Restaurant insolvencies jump as diners stay at home

By Daniel Thomas
Business reporter, BBC News

BurgerImage source, Gourmet Burger Kitchen
Image caption,
Gourmet Burger Kitchen said it would shut 17 sites

The number of restaurant businesses becoming insolvent jumped by a quarter in 2018 as consumers shunned the High Street, new figures show.

Accountancy firm Moore Stephens said there had been 1,219 insolvencies, ranging from standalone restaurants up to large investor-backed chains - up from 985 in 2017.

It blamed overcapacity at a time when Britons are eating out less.

Restaurant critic Jay Rayner said more operators could struggle next year.

In 2018, a spate of big restaurant chains were forced to strike rescue deals - known as company voluntary arrangements (CVAs) - with their creditors as they faced unsustainable debts.

Gourmet Burger Kitchen earmarked 17 sites for closure while Carluccios is shutting 34 outlets. Prezzo said it would close 94 - about a third of the chain - including all 33 outlets of its Tex-Mex brand Chimichanga.

Moore Stephens said that insolvencies were at their highest level since it began tracking the sector in 2010.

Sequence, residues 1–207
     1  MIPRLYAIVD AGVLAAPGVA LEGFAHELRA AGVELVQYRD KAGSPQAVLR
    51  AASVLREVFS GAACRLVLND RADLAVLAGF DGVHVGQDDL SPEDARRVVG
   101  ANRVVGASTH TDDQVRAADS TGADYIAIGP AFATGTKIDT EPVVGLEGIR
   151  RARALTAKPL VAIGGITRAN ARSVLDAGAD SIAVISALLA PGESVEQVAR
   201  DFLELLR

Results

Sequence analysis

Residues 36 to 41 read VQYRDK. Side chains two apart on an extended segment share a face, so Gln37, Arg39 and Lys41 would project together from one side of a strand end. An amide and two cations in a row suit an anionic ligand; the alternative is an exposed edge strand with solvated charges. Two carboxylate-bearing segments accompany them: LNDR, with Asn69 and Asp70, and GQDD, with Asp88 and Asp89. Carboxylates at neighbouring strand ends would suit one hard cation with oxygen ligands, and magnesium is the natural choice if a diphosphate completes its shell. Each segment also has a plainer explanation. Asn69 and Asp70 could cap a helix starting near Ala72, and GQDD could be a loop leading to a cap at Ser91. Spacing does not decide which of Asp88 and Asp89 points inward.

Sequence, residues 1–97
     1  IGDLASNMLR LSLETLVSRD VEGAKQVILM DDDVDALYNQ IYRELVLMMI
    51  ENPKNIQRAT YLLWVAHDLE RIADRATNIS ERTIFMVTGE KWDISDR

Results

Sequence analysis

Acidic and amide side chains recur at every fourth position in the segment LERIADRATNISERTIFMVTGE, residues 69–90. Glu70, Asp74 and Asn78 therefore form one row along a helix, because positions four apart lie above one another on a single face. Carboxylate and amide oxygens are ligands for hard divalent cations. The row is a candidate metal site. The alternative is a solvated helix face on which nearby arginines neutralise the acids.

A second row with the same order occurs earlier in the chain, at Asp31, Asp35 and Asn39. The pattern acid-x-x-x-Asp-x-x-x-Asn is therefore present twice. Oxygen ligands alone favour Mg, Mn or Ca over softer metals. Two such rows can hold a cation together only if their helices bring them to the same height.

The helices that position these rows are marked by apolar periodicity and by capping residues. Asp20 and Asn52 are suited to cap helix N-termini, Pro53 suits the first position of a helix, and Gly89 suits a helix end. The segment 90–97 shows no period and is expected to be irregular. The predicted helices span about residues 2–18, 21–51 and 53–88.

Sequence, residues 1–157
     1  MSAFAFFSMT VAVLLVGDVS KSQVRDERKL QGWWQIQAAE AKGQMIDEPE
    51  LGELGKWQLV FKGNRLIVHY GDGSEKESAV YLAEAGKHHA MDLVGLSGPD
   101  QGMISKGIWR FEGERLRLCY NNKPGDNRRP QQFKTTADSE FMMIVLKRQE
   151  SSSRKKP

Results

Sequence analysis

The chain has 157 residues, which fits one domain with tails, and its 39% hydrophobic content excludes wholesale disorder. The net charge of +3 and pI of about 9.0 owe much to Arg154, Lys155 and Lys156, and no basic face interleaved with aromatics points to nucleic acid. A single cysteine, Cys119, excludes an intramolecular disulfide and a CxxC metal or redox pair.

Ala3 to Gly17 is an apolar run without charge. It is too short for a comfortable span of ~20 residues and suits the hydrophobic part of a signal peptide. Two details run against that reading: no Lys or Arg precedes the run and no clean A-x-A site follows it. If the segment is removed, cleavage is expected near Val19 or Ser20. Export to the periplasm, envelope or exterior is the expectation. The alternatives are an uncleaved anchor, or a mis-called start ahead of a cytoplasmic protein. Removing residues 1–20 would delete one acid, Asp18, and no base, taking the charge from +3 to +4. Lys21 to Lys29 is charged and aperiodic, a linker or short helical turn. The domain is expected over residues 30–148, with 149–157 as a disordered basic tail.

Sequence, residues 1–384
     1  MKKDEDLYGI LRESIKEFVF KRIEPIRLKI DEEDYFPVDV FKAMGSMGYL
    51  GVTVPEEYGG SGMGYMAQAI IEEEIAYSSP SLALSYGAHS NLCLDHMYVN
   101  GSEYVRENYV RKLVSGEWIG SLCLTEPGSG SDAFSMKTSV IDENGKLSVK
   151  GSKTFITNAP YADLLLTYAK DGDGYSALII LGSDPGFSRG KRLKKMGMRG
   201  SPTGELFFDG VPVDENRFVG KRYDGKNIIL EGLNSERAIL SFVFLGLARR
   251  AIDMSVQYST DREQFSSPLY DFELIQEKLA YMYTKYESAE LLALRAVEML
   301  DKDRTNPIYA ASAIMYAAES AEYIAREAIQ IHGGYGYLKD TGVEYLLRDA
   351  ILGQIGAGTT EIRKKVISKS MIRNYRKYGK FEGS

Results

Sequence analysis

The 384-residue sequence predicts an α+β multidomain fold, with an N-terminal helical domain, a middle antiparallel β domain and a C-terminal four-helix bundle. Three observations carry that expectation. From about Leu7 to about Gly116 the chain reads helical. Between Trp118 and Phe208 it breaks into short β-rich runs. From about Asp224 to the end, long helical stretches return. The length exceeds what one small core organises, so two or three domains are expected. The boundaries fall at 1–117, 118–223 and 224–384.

It blamed an influx of private equity investment that had led to some restaurant chains opening too many sites that were now failing to break even.

It also said interest rate rises and Brexit concerns had "put a dent" consumer spending growth, as operators faced rising overheads such as the minimum wage and ingredient costs.


Head of restructuring and insolvency Jeremy Willmont said: "Restaurants have always been prone to high failure rates but vacant restaurants used to be rapidly replaced by a new contender. For now, that process seemed to have stalled and many sites are empty.

"Under such tough trading conditions, restaurants should be cautious about building up debt. They can very quickly become overextended as costs continue to rise."

Restaurant critic Jay Rayner told the BBC that many restaurants - and particularly mid-market chains - operated on "extremely tight profit margins".

"They might be worth a lot but their margins are so tight that they are subject to real pain if there are sudden changes in the market place."

He said that while an independent, standalone restaurant might be able cut its costs and struggle on, investor-backed businesses had to cut their losses fast.

"I don't believe in crystal-ball gazing, but I think the last few months of the year will be good for restaurants, but in January many are going to find themselves staring down the barrel of Brexit.

"I think we could see a lot more businesses go to the wall and a lot of jobs lost."